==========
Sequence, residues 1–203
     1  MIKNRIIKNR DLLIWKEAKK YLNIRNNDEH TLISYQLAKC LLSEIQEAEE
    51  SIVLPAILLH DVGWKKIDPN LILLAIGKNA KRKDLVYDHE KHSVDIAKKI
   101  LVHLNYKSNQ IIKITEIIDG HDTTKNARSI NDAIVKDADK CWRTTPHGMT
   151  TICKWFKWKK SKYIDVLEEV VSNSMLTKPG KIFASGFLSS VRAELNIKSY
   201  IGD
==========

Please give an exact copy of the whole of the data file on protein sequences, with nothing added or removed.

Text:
Sequence, residues 1–203
     1  MIKNRIIKNR DLLIWKEAKK YLNIRNNDEH TLISYQLAKC LLSEIQEAEE
    51  SIVLPAILLH DVGWKKIDPN LILLAIGKNA KRKDLVYDHE KHSVDIAKKI
   101  LVHLNYKSNQ IIKITEIIDG HDTTKNARSI NDAIVKDADK CWRTTPHGMT
   151  TICKWFKWKK SKYIDVLEEV VSNSMLTKPG KIFASGFLSS VRAELNIKSY
   201  IGD